Attending the University in the Soviet Union: English and PE

The list of subjects we studied was very limited. In addition to math classes and very politicized social studies, the only other classes we were offered during the first and the second year in the University were English and PE.

We had two “pairs” of both of them each week. Since my English was considered to be very good (I will explain later why) I was assigned to the most advanced level. This didn’t have any effect on the grade and was not reflected in the final transcripts, I was just fortunate to attend the better class.

Even in this better class, we had very little of conversational English. We’ve studied tons of grammar (to be forgotten the next day after the test) and completed lots of grammar exercises. Also, each semester, we were supposed to “pass thousands.” In this case “thousands” stand for thousands of symbols. I forgot both how many symbols per page was considered a reasonable estimation. I also forgot how many “thousands” we were supposed to prepare. But that’s how the process looked like.

Each student had to find some articles or books in English, relevant to their major. The total number of pages should have represented the required number of “thousands.” In addition to the “major-related thousands,” we also had to buy some newspapers in English and translate some articles from them. In most of the cases, it would be a “Morning Star,” the British Communist Party newspaper. “The Moscow News” was not considered to be English enough.

You would bring your “thousands” to the class and tell the teacher: I read this. You were expected to write down all the new words you found in your notebook, followed by their translation. Then your professor would open a book, an article, or whatever at random place and ask you to translate a couple of paragraphs. If you show your understanding of a couple of random paragraphs, you passed.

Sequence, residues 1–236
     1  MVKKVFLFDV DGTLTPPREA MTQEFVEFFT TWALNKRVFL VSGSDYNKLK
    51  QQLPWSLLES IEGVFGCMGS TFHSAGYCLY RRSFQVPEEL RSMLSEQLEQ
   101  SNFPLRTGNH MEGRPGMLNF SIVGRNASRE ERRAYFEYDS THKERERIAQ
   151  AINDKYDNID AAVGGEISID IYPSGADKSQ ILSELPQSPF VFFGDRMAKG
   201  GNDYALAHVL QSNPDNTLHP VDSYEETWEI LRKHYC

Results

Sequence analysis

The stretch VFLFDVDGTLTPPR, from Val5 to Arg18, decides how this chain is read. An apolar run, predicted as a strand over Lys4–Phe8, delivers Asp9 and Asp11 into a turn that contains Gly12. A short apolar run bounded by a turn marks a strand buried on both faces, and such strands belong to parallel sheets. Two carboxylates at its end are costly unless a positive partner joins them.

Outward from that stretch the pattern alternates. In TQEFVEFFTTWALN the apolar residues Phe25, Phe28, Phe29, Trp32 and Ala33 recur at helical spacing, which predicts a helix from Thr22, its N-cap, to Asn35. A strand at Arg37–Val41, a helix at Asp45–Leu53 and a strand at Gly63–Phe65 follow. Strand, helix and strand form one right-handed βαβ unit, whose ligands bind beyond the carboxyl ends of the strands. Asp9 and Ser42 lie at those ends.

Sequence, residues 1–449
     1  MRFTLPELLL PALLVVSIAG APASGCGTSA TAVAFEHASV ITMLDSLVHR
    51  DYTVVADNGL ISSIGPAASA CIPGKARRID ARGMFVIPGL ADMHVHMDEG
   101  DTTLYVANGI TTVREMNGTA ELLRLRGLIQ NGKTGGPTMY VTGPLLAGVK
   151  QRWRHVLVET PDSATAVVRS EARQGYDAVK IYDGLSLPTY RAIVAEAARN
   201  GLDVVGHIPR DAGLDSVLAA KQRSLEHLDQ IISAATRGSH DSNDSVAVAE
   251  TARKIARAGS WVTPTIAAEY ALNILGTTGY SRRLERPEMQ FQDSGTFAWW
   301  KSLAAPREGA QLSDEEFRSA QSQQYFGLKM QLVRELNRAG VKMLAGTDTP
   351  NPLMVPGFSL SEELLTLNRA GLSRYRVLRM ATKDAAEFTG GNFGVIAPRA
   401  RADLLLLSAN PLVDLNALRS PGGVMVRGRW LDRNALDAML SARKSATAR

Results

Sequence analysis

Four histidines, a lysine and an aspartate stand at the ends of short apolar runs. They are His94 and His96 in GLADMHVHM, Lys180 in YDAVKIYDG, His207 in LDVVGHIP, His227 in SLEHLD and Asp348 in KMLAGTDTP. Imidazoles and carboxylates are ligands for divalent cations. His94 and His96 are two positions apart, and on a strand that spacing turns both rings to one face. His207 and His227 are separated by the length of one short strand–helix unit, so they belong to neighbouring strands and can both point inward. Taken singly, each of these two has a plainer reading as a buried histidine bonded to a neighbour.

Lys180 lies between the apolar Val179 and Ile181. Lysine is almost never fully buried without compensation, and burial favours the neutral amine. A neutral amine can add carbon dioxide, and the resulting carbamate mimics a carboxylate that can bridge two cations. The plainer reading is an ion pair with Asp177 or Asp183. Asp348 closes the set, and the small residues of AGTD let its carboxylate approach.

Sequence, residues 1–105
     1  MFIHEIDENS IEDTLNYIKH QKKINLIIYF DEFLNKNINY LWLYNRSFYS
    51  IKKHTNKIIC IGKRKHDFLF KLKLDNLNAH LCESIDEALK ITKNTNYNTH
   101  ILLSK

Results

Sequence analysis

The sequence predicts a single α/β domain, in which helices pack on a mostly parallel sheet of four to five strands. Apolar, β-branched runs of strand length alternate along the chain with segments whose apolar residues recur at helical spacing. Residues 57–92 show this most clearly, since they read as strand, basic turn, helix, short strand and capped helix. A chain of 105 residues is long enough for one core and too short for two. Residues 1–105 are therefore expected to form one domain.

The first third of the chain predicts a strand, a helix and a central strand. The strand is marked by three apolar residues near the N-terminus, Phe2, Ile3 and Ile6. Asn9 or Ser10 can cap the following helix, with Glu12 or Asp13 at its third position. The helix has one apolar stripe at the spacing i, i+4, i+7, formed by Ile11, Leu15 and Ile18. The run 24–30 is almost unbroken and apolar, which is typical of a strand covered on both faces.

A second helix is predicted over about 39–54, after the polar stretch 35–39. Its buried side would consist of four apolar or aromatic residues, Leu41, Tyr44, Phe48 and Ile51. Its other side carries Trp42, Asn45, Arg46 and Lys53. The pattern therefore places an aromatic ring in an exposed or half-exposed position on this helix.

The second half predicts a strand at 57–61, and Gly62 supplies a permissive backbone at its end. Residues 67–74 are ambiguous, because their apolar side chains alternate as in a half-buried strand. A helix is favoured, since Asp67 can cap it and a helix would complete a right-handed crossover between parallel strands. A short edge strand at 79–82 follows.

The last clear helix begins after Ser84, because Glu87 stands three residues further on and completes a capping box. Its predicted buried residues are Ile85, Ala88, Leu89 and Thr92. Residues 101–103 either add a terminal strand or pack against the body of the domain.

As for PE, everybody was required to take PE for the first two years in the University, two “pairs” a week. We were assigned groups according to our abilities. Since at that time in the Soviet Union doctors believed, that people with high myopia should not do any physical exercises, except very mild, I was assigned to the group which would do “physical therapy,” rather than PE. We hated it and considered it a waste of time, but you had to get “pass” for PE to be allowed to take the rest of the exams. People often flunked, but then you still had to come some other time with some other group and make it up.

Oh, I almost forgot: there was also a “Practice in computer programming,” which I will cover.

But overall, you get the picture: we had 32-36 hours of in-class instructions per week, plus homework. It was impossible to keep up with such a schedule, so everybody had compromised to a certain extent.

My historical posts are being published in random order. Please refer to the page Hettie’s timeline to find where exactly each post belongs, and what was before and after.

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